Greely made a verbal report regarding the execution to his departmental superiors several days before Henry’s burial. He then wrote to Adjutant General of the Army R.C. Drum in August 1884, to report Henry’s execution and request that a court of inquiry be ordered or a court martial convened regarding the matter. Drum responded in November 1884 that after examining the expedition’s records, “the Secretary of War entertains no doubt of the necessity, and the entire propriety of your action in ordering the execution of Private Henry, under the circumstances and in the manner set forth in your report.”

It was understood that any military officer operating in the field possesses a fair degree of discretion in carrying out orders, and Greely had Henry executed in order to preserve lives.

Newspaper articles certainly featured Henry’s execution, but stories of cannibalism (including the condition of Henry’s remains) and the political scandal related to the mishandling of the attempted relief of Greely prior to his rescue were much more high profile stories.

You have a professional interest in polar exploration, and obviously starvation risks are endemic to these situations when matters go awry. Have you encountered any similar instances of a polar party executing one of its members for the sake of maintaining discipline?

A somewhat similar execution scenario, also an attempt to preserve the lives of starving men, had played out during Sir John Franklin’s 1819-22 Arctic Land Expedition. A detachment of four men from the expedition, including Surgeon John Richardson, discovered that their comrade, Midshipman Robert Hood, had been murdered by an Iroquois voyageur named Michel Teroahauté (also known as Ferohaite).

Under the circumstances, Richardson shot Michel to save their own lives.

How did you come to find out about this story and why did you decide to research it in such depth? Over a century on from the events themselves, what does the fate of Charles Henry have to tell us today?

I can trace back my knowledge of the execution to at least September 1988, when I bought a copy of The Polar Passion, by Farley Mowat (1967). Several years later, I acquired a large collection of items once belonging to General Brainard, which included most of his medals and orders, photographs, books, and a bone knife he brought back from the Arctic. Brainard is a fascinating historical figure and human being (I like to call him the quintessential American), and I spent a good deal of time researching and writing about his life. In the process I discovered there were many contradictory details about the execution.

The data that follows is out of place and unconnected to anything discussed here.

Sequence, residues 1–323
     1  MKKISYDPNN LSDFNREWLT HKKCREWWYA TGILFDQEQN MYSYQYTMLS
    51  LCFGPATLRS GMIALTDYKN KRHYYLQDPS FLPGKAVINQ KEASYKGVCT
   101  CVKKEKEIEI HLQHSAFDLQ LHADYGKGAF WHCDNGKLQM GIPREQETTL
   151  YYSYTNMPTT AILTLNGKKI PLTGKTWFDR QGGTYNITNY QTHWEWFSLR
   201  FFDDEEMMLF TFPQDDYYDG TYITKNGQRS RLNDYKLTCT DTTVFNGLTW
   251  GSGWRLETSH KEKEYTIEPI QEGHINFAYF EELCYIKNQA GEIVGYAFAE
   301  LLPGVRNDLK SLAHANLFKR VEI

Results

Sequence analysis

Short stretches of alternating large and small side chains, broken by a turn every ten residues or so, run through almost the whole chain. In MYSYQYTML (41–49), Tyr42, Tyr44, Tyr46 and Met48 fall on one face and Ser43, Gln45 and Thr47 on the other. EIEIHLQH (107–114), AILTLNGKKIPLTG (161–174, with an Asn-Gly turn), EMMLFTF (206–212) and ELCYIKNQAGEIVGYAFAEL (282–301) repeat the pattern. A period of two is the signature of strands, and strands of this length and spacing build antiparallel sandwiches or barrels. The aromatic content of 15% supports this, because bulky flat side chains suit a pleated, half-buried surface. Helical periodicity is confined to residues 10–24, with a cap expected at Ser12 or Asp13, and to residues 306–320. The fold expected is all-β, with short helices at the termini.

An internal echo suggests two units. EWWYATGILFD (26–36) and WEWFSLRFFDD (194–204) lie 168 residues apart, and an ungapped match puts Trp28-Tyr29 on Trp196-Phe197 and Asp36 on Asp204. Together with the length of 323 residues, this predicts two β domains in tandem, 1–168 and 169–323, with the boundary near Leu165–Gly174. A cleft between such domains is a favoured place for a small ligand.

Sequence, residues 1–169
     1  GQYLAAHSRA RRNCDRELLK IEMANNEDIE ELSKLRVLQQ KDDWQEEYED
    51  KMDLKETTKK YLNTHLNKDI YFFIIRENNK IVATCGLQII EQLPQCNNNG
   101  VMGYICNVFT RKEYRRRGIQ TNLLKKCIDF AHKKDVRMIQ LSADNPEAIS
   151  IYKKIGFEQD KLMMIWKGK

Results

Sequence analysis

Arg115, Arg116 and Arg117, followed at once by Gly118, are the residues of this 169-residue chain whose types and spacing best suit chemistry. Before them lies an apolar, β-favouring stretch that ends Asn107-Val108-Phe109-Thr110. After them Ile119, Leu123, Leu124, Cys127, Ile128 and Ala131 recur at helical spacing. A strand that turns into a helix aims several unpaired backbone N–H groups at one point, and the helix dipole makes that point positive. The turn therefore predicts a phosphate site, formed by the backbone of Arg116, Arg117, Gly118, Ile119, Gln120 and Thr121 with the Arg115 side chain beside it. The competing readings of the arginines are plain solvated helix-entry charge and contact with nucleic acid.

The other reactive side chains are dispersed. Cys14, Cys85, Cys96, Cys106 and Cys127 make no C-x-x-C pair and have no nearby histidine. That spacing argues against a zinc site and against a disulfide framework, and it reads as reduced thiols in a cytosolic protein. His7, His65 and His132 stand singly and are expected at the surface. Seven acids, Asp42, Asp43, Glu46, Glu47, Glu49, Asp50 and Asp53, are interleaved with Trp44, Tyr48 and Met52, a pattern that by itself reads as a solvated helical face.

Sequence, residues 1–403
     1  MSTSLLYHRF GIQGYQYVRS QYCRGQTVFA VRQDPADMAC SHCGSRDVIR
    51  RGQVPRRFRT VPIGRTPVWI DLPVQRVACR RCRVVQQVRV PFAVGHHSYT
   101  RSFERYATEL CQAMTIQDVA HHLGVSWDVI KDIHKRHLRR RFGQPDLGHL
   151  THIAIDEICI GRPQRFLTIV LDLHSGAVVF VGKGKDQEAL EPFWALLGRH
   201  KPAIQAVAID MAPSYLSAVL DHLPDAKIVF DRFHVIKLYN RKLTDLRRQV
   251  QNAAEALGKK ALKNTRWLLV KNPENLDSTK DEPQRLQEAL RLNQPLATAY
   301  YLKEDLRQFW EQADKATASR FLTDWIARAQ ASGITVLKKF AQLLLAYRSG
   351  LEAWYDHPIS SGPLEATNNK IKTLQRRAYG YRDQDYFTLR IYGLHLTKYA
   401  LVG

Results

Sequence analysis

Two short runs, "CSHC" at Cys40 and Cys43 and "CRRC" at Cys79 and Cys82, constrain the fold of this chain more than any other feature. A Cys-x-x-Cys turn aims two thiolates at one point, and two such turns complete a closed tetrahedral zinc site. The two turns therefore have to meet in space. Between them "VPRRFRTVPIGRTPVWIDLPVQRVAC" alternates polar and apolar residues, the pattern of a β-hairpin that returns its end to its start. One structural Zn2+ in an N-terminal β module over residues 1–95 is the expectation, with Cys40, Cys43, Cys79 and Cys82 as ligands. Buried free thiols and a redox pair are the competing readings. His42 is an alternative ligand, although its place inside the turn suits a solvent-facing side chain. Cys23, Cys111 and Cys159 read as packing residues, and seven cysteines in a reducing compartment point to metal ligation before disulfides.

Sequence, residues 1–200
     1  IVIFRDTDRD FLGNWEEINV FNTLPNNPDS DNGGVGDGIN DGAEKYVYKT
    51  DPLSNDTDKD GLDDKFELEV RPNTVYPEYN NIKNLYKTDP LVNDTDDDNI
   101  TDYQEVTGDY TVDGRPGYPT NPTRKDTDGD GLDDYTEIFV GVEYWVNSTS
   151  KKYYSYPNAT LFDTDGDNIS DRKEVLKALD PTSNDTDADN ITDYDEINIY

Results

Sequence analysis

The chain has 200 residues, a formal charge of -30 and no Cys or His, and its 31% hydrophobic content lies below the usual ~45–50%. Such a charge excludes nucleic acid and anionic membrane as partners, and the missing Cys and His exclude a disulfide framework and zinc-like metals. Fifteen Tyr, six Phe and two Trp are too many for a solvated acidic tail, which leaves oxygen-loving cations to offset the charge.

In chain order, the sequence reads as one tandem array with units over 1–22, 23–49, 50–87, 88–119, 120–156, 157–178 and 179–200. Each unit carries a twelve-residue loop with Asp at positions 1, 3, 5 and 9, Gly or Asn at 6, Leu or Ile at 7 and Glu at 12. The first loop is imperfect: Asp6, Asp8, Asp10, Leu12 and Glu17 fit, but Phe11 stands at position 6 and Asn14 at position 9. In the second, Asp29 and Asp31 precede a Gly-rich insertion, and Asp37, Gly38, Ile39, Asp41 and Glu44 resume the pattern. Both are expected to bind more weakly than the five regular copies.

On July 13, 2005, I was sitting at an outside bar in Jamaica, when it dawned on me that if I dug deep enough, I just might be able to figure out what really happened during the execution of Private Henry.

So, I began jotting down notes on three 4″ x 5″ pieces of paper — “1. Primary Question: Who was the shooter?” Of the three men involved, the evidence dictates the trigger man must have been either Brainard or Long — but in the absence of conclusive evidence we’ll probably never know which one. And I ultimately decided that’s okay, because it’s the way the three wretched souls wanted it to be on that fateful summer day in 1884, and I needed to respect their wishes.

The events during the Lady Franklin Bay Expedition, especially Charles Henry’s fate, are reminders of how crises bring out the best — and worst — in human nature. At various times in our lives we’re all confronted with personal crises: how we deal with them is what counts. Writing “An Arctic Execution” forced me to stretch my mind beyond what I thought were its limits to attempt to understand defining moments in the lives of human beings who were at the brink of oblivion.

A few books about the Greely expedition

* This expedition established a “farthest north” record: it was for the next several years the most northerly latitude that any explorer could document ever attaining.

** One of the seven retrieved by the Thetis, Sgt. Joseph Elison, was at death’s door. Wasted to 78 pounds and stricken with frostbite and gangrene that required his rescuers to amputate both hands and both legs, Elison died at sea — leaving just six survivors of the Lady Franklin Bay Expedition who would ever again set foot on American soil.

San Francisco Bulletin, July 18, 1884, quoting Winfield Scott Schley — later famous as a Spanish-American War hero.

‡ Glenn M. Stein, “An Arctic Execution: Private Charles B. Henry of the United States Lady Franklin Bay Expedition 1881-84,” Arctic, Vol. 64, No. 4 (December 2011). Read it here (pdf).

Also on this date

Entry Filed under: 19th Century,Arctic,Borderline "Executions",Canada,Capital Punishment,Death Penalty,Execution,History,Interviews,No Formal Charge,Notable Participants,Other Voices,Polar,Shot,Soldiers,Summary Executions,Theft,U.S. Military,USA

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One thought on “1884: Charles Henry, iced in the Arctic”

  1. Meaghan says:

    I think it’s just as well that Sgt. Elison died of his wounds. In the 1800s, what life could he have had with no legs and no hands? It’s not like they had decent prosthetic limbs or trained rehabilitation specialists back then.